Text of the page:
Most significantly, Obama is being urged to forget about holding Bush and other top officials accountable for torture, war crimes, violations of the Constitution and other serious offenses. Obama’s even getting advice that he should leave some senior Bush officials in place as a bipartisan gesture.
Ironically, some of this advice is coming from the same people who were part of Clinton’s decisions in early 1993 to set aside investigations into Reagan-Bush-I wrongdoing and thus to allow a false history of that era to become cemented as a faux reality.
When Clinton took office, four investigations were pending about wrongdoing in the Reagan and George H. W. Bush administrations:
All told, the four sets of allegations, if true, would paint an unflattering portrait of the 12-year Republican rule: two illegal dirty tricks (October Surprise and Passportgate) book-ending ill-conceived national security schemes in the Middle East (Iran-Contra and Iraqgate).
Had the full stories been told the American people might have perceived the legacies of Ronald Reagan and George H.W. Bush quite differently than they do today.
But the Clinton administration and congressional Democrats dropped all four investigations beginning in early 1993, either through benign neglect – by failing to hold hearings and keeping the issues alive in the news media – or by actively closing the door on investigative leads.
In other words, a free pass given to Republicans in 1993 paved the way for the disastrous George W. Bush presidency:
It allowed an incomplete, even false history to be written about the Reagan-Bush-I era, glossing over many of the worst mistakes.
The bogus history denied the American people the knowledge needed to assess how relationships had evolved between the United States and Middle East leaders, including Iraq’s Saddam Hussein, the Saudi royal family and the Iranian mullahs.
Though the Middle East crises had receded by the time Clinton took office in 1993, the troubles had not gone away and were sure to worsen again. When that time came, the American people would have a sanitized version of how the country got where it was.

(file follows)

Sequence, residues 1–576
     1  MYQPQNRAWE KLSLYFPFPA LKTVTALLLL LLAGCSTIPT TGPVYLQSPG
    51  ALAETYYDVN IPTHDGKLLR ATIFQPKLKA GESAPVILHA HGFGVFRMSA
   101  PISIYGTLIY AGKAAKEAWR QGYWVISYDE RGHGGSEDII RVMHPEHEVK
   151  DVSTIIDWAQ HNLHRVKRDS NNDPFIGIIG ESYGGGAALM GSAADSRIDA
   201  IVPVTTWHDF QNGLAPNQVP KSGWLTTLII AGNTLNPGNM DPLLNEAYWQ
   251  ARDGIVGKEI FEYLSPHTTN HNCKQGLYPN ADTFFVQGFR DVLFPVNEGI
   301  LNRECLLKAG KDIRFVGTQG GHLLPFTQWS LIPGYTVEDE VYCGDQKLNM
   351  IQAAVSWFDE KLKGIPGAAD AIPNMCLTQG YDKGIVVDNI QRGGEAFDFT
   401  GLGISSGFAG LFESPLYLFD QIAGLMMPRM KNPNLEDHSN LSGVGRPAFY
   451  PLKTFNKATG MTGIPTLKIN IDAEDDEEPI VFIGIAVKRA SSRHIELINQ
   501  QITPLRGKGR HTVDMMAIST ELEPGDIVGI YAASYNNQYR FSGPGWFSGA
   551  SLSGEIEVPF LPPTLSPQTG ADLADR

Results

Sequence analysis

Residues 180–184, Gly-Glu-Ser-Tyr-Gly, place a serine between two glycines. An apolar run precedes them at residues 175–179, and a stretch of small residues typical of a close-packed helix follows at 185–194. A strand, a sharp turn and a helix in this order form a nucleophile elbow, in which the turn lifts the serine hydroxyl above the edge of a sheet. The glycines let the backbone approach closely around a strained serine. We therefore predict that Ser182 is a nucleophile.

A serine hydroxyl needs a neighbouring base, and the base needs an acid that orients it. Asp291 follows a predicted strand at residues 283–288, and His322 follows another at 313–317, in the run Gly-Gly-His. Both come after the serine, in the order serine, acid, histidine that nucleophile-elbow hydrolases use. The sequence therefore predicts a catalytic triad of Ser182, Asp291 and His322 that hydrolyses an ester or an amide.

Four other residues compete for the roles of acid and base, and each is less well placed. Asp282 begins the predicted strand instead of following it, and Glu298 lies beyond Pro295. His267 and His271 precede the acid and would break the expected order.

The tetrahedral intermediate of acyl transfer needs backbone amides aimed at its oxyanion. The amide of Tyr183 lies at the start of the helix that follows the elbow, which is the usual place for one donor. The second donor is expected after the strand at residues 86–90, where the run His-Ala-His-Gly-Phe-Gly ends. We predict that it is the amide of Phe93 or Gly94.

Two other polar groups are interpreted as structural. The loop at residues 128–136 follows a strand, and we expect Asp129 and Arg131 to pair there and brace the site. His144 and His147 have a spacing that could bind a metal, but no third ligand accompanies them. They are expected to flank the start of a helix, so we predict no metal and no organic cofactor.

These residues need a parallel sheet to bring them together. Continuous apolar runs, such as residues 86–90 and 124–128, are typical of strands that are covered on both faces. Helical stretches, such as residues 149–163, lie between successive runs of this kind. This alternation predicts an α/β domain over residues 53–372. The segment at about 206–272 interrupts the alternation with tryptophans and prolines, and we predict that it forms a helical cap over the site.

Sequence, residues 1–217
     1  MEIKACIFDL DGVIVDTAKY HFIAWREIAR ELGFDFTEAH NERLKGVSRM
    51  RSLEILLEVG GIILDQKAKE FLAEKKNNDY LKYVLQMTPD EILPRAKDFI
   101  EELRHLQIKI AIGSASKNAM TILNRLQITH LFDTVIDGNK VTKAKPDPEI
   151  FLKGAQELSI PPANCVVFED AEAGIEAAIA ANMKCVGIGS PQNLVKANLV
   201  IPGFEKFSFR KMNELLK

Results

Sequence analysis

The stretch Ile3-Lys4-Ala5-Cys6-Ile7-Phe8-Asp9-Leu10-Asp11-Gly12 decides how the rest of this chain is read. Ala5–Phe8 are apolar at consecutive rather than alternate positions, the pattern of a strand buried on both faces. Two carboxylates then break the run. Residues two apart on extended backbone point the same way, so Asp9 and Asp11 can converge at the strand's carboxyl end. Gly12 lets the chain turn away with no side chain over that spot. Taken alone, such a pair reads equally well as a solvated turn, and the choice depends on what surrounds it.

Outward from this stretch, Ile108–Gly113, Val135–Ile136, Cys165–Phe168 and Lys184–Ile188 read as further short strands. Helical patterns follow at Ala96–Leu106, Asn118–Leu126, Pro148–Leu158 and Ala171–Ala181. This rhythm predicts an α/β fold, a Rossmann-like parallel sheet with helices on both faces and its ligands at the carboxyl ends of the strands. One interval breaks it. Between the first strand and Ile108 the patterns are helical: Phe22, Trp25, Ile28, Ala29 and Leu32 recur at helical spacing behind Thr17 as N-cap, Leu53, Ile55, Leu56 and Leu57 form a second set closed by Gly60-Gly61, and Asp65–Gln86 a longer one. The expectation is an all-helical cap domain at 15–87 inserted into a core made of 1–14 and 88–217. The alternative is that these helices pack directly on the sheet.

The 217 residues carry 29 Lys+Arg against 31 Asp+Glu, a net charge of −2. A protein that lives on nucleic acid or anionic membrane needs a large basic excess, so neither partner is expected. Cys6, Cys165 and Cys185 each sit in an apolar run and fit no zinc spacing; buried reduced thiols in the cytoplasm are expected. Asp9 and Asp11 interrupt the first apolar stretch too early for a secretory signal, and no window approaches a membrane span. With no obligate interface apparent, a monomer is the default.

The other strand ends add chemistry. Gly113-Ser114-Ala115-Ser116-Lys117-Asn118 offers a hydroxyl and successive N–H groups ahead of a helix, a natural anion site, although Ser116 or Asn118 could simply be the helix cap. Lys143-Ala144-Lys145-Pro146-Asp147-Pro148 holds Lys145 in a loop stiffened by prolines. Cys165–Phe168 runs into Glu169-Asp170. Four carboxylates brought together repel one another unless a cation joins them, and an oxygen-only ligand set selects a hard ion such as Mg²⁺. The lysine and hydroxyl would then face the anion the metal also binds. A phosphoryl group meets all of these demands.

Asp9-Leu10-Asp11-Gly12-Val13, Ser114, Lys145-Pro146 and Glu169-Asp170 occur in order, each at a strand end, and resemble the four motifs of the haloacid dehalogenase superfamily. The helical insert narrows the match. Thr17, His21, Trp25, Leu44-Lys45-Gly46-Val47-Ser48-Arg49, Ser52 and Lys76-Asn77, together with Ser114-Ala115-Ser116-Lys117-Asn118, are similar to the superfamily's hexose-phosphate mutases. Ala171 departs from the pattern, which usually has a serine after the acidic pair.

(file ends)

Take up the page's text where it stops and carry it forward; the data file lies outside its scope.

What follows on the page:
Galloway, who writes about military affairs for McClatchy Newspapers, has similar concerns. He writes, in "Moderation in the Pursuit of Justice is No Virtue," that members of Obama's transition team are indicating that they do not intend to investigate anyone in the Bush administration for possible war crimes:
Moderation in the pursuit of justice is no virtue, and its no way to begin an administration that was elected on promises of change. What it says is that if you're one of the elite and powerful, your violations of the law will be overlooked, no matter how much damage you did to our country’s standing in the world.
What message would this send to future Karl Rove's? It's not a good one, Galloway writes:
What signal does it send to Mr. Bush's gang of unindicted co-conspirators, who've unwrapped a Pandora’s boxful of other offenses — from perverting the administration of justice, to illegally eavesdropping on the phone conversations and e-mails of ordinary Americans, to salting the stream of intelligence with bogus material, to inviting their cronies to loot the Treasury with no-bid military contracts, to lying under oath to congressional oversight committees, to applying political litmus tests to the hiring of civil service employees to the wholesale destruction of White House e-mails and records? Etcetera. Etcetera.